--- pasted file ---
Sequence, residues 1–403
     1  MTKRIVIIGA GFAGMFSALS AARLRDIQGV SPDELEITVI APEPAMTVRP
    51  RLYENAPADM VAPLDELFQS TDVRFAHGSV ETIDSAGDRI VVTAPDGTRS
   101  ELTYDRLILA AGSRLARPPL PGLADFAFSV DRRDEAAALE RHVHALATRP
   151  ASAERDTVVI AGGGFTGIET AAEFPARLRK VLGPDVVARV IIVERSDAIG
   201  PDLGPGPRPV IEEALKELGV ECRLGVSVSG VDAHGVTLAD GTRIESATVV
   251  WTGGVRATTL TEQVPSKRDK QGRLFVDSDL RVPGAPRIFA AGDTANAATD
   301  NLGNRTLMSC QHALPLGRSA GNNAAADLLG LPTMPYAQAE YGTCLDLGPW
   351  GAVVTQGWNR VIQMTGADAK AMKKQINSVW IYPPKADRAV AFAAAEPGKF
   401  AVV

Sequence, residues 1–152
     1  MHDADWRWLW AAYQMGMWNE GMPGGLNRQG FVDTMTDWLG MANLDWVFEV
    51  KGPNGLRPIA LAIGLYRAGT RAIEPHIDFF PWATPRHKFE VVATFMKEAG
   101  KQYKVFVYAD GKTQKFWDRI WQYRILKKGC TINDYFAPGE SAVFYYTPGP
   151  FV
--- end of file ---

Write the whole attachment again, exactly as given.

Sequence, residues 1–403
     1  MTKRIVIIGA GFAGMFSALS AARLRDIQGV SPDELEITVI APEPAMTVRP
    51  RLYENAPADM VAPLDELFQS TDVRFAHGSV ETIDSAGDRI VVTAPDGTRS
   101  ELTYDRLILA AGSRLARPPL PGLADFAFSV DRRDEAAALE RHVHALATRP
   151  ASAERDTVVI AGGGFTGIET AAEFPARLRK VLGPDVVARV IIVERSDAIG
   201  PDLGPGPRPV IEEALKELGV ECRLGVSVSG VDAHGVTLAD GTRIESATVV
   251  WTGGVRATTL TEQVPSKRDK QGRLFVDSDL RVPGAPRIFA AGDTANAATD
   301  NLGNRTLMSC QHALPLGRSA GNNAAADLLG LPTMPYAQAE YGTCLDLGPW
   351  GAVVTQGWNR VIQMTGADAK AMKKQINSVW IYPPKADRAV AFAAAEPGKF
   401  AVV

Sequence, residues 1–152
     1  MHDADWRWLW AAYQMGMWNE GMPGGLNRQG FVDTMTDWLG MANLDWVFEV
    51  KGPNGLRPIA LAIGLYRAGT RAIEPHIDFF PWATPRHKFE VVATFMKEAG
   101  KQYKVFVYAD GKTQKFWDRI WQYRILKKGC TINDYFAPGE SAVFYYTPGP
   151  FV